By state and territory, Western Australia wages grew by just 1.8% over the year in original terms. At the other end of the spectrum, workers in Tasmania saw their average wage lift by 2.6%, the fastest increase across the country.
“Rises through the year in the Private sector ranged from 1.4% for the Northern Territory to 2.8% for Tasmania,” the ABS said.
“Through the year, Victoria continued to record the highest Public sector rise of 3.3%, while Western Australia recorded the lowest of 1.5%.”
Despite the recent decline in Australia’s unemployment rate, hitting the level where some anticipate an increase in wage pressures, Paul Dales of Capital Economics remains sceptical as to whether the September quarter acceleration can be repeated in the period ahead.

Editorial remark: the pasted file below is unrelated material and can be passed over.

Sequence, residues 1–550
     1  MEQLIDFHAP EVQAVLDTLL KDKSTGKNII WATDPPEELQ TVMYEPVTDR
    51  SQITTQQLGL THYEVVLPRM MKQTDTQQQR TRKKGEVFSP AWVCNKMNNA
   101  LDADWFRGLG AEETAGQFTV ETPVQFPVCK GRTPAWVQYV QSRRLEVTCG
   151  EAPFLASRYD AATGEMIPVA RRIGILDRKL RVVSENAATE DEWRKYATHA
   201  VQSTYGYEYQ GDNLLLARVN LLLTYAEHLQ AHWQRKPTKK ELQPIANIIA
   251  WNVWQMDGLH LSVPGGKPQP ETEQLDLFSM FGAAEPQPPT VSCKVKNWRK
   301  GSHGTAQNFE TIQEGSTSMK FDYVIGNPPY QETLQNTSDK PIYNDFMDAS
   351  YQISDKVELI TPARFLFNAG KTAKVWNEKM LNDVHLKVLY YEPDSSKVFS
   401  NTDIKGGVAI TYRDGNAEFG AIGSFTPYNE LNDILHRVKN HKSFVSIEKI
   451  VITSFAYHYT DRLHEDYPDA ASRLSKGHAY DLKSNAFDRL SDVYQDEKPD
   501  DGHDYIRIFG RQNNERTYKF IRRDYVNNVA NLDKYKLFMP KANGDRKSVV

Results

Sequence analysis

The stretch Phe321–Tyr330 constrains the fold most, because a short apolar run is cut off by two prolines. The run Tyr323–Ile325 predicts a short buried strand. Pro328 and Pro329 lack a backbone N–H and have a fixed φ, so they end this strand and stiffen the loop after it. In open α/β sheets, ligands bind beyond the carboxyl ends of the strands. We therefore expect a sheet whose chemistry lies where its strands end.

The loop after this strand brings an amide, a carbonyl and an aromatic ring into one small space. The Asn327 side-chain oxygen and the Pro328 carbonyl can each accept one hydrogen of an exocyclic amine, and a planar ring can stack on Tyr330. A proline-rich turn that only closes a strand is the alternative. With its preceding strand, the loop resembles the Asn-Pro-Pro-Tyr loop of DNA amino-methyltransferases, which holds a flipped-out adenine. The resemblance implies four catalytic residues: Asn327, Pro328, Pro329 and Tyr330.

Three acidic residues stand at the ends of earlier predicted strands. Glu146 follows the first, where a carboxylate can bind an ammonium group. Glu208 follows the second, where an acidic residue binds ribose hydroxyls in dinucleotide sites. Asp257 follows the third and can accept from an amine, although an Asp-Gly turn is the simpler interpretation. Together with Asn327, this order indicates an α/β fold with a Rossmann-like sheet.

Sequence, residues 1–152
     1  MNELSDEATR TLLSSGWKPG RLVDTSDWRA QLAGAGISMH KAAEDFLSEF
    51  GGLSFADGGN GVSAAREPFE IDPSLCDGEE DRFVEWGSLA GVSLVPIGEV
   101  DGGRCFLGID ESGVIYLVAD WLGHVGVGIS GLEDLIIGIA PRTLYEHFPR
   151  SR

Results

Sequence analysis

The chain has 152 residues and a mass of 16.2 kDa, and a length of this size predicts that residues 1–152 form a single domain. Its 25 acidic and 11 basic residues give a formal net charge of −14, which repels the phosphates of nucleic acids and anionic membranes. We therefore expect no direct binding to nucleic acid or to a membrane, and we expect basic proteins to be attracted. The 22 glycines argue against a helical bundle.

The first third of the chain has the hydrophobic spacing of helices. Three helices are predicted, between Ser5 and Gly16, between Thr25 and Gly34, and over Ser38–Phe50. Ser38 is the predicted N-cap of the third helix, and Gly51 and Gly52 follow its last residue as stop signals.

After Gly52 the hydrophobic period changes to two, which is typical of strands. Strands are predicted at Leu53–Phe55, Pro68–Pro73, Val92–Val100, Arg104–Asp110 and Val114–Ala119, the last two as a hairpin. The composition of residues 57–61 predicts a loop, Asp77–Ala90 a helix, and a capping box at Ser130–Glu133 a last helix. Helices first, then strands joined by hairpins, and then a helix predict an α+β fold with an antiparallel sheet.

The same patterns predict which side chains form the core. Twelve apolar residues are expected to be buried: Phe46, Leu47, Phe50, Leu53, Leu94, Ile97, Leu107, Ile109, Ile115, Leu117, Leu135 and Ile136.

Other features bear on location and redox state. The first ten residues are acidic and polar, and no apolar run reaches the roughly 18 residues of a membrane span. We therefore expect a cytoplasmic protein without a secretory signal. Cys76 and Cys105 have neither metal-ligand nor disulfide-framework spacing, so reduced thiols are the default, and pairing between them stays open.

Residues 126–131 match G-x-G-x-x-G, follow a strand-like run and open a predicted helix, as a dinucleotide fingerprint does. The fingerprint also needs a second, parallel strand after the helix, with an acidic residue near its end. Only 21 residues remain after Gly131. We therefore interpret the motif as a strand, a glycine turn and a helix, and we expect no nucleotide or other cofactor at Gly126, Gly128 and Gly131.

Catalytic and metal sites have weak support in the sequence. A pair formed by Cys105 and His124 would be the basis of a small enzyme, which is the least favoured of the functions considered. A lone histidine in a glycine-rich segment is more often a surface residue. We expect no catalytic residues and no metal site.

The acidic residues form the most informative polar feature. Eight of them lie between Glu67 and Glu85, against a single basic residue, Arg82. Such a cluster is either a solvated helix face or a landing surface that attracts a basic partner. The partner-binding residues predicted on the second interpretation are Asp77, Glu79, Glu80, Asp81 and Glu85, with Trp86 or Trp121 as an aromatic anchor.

“The 0.6% increase in Q3 partly reflected a jump in the minimum wage, and we doubt that the RBA will see it as evidence that wage growth is about to surge,” he says.
“Given that the minimum wage affects nearly a quarter of all employees directly, and overall wages only rose by 2.3% over the past year, it probably did provide some lift.”
Dales also suggests Australia’s NAIRU level is now likely significantly lower than what it was the past, creating doubt over the prospect of supply-demand driven acceleration anytime soon.
“We think that the natural unemployment rate is around 4% instead of the RBA’s estimate of 5%,” he says.
“We believe that the large number of people that would like to work additional hours means that the unemployment rate isn’t telling the whole story.”
He also says the “structural forces that have depressed wage growth in all advanced countries in recent year, including globalisation and technological progress, are unlikely to go into reverse.”
The upshot is that we expect wage growth to pick up to only 2.5% by 2020.